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yaroslavd

Problem with finally clause in C#

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Hi, guys. In one of my methods, I compare two things. If they are NOT equal, I want to throw an exception. Then, regardless of if they are equal, I want to return a value. Naturally, I tried using a finally clause because that's what it's for.
try {
  if(n1!=n2)
    throw AnException(args);
}
finally {
  return obj;
}
I know you can do that in Java, but my C# compiler doesn't like this. It gives me this error: C:\Documents and Settings\Yaroslav\My Documents\Visual Studio Projects\TestApp\Recorder.cs(117): Control cannot leave the body of a finally clause Any ideas? Thanks in advance. [edited by - yaroslavd on March 28, 2004 3:20:18 PM]

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try
{
if(n1!=n2)
throw AnException(args);
}
finnaly
{
return somtin;
}


I think this shoudl wokr, but I am not shure

.:3delavnica.com:. Slovenian digital colture
Another day, another bug

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Yeah, sorry, I forgot to add the try clause first. I guess I edited it in right before you posted. However, it still doesn''t work.

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quote:
Original post by yaroslavd If they are NOT equal, I want to throw an exception. Then, regardless of if they are equal, I want to return a value.

The exception is going to exit the function, not the return. You can exit a function via a return or an exception, but not both. That''s why you can''t return from a finally.

What exactly are you trying to do? It smells a little fishy

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Basically, the method reads in an object. You pass an object into it. All the fields that were serialized in the serialized object are read into the passed object. However, if the versions of the said objects differ, some of the passed object''s fields will remain unassigned. I wanna throw an exception telling the user which fields were left unassigned. However, I still wanna return the deserialized object (with default values for unassigned fields).

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quote:
Original post by yaroslavd
I wanna throw an exception telling the user which fields were left unassigned. However, I still wanna return the deserialized object (with default values for unassigned fields).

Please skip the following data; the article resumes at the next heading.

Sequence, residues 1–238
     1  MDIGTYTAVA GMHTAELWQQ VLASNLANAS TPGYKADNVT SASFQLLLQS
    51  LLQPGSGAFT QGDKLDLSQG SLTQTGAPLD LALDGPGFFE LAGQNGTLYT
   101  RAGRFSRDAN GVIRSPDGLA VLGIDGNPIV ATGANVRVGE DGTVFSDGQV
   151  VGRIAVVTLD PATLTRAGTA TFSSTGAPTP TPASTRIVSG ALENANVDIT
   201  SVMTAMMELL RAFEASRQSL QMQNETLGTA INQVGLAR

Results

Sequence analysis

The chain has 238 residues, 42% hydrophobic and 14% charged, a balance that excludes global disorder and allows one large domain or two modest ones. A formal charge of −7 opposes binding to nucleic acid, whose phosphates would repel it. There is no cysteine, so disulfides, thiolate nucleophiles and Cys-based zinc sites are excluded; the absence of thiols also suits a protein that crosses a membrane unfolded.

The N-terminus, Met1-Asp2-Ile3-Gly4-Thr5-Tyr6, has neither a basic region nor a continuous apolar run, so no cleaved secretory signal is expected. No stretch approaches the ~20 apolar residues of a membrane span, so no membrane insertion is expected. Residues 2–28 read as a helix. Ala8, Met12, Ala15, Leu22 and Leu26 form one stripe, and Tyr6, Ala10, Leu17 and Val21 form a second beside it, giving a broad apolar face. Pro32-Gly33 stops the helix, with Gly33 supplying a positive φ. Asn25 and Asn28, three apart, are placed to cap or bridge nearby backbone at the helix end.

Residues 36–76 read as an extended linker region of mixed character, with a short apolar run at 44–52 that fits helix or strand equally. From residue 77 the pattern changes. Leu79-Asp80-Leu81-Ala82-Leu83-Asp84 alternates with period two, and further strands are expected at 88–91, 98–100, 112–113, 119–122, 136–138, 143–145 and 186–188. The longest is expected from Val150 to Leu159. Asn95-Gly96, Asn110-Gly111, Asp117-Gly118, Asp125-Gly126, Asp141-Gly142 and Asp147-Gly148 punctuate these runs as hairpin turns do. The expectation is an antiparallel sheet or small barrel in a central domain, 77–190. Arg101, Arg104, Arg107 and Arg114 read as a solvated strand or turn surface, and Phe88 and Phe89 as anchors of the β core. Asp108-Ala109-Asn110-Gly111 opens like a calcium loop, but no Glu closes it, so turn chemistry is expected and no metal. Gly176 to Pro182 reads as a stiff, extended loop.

And that makes sense to you, that you''d throw and exception and return a value? What use is the value when an exception has been thrown (unless you''re misusing exceptions)?

The finally clause is for cleanup that should be executed regardless of exit path.

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quote:
Original post by Oluseyi
quote:
Original post by yaroslavd
I wanna throw an exception telling the user which fields were left unassigned. However, I still wanna return the deserialized object (with default values for unassigned fields).
And that makes sense to you, that you'd throw and exception and return a value? What use is the value when an exception has been thrown (unless you're misusing exceptions)?

The finally clause is for cleanup that should be executed regardless of exit path.


Why wouldn't it make sense? Java does it. For example,


try{
object o = AMethod(2);
}
catch(SomeException e)
{
}


In this scenario, o would still get assigned the value returned from AMethod(), yet an exception will be thrown to signal that some error has occured. However, this isn't supported in C#, I guess.

Any way to get around this? I thought of putting the object in my exception. That way, the user can get the partially-loaded object through the exception instance. Good idea?

[edited by - yaroslavd on March 28, 2004 3:54:19 PM]

[edited by - yaroslavd on March 28, 2004 3:56:44 PM]

[edited by - yaroslavd on March 28, 2004 3:58:51 PM]

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You''re grossly mis-using exceptions, when a simple if-then-else
will do the job.

From your description, it is not an exception when two
objects are not equal. Rather, it''s just a control branching
condition.


object obj;

if (n1 != n2)
{
obj = new MyObject(); // Assign a properly constructed object

}
else
{
obj = MyObject.DefaultObject; // Assign a default object

}
// end if


return obj;





Kami no Itte ga ore ni zettai naru!

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quote:
Original post by tangentz
You''re grossly mis-using exceptions, when a simple if-then-else
will do the job.

From your description, it is not an exception when two
objects are not equal. Rather, it''s just a control branching
condition.


object obj;

if (n1 != n2)
{
obj = new MyObject(); // Assign a properly constructed object

}
else
{
obj = MyObject.DefaultObject; // Assign a default object

}
// end if


return obj;





Kami no Itte ga ore ni zettai naru!


I don''t think so. It would be exceptional for the versions to be different. I know I didn''t give you enough information in my post, so you wouldn''t know this. However, it''s too complex to briefly describe.

Like I said, I think I''ll pass the object into the exception class, and that''s how the user will be able to access it.

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quote:
Original post by yaroslavd
Why wouldn''t it make sense? Java does it. For example,


try{
object o = AMethod(2);
}
catch(SomeException e)
{
}


In this scenario, o would still get assigned the value returned from AMethod(), yet an exception will be thrown to signal that some error has occured.

No, it wouldn''t. An exception stops the normal flow of execution. If AMethod threw, o would not be assigned to, and control flow would pass immediately to the catch.

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